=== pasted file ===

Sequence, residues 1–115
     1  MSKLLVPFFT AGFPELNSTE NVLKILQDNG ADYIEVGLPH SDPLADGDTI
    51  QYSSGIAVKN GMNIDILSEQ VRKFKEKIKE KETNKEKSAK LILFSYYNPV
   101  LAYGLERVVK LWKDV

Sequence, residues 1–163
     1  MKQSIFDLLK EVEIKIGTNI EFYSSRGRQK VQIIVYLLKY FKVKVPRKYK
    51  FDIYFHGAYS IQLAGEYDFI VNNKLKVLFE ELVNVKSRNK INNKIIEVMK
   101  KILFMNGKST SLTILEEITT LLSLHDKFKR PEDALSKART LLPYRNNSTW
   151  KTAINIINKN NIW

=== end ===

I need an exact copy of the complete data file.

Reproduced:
Sequence, residues 1–115
     1  MSKLLVPFFT AGFPELNSTE NVLKILQDNG ADYIEVGLPH SDPLADGDTI
    51  QYSSGIAVKN GMNIDILSEQ VRKFKEKIKE KETNKEKSAK LILFSYYNPV
   101  LAYGLERVVK LWKDV

Sequence, residues 1–163
     1  MKQSIFDLLK EVEIKIGTNI EFYSSRGRQK VQIIVYLLKY FKVKVPRKYK
    51  FDIYFHGAYS IQLAGEYDFI VNNKLKVLFE ELVNVKSRNK INNKIIEVMK
   101  KILFMNGKST SLTILEEITT LLSLHDKFKR PEDALSKART LLPYRNNSTW
   151  KTAINIINKN NIW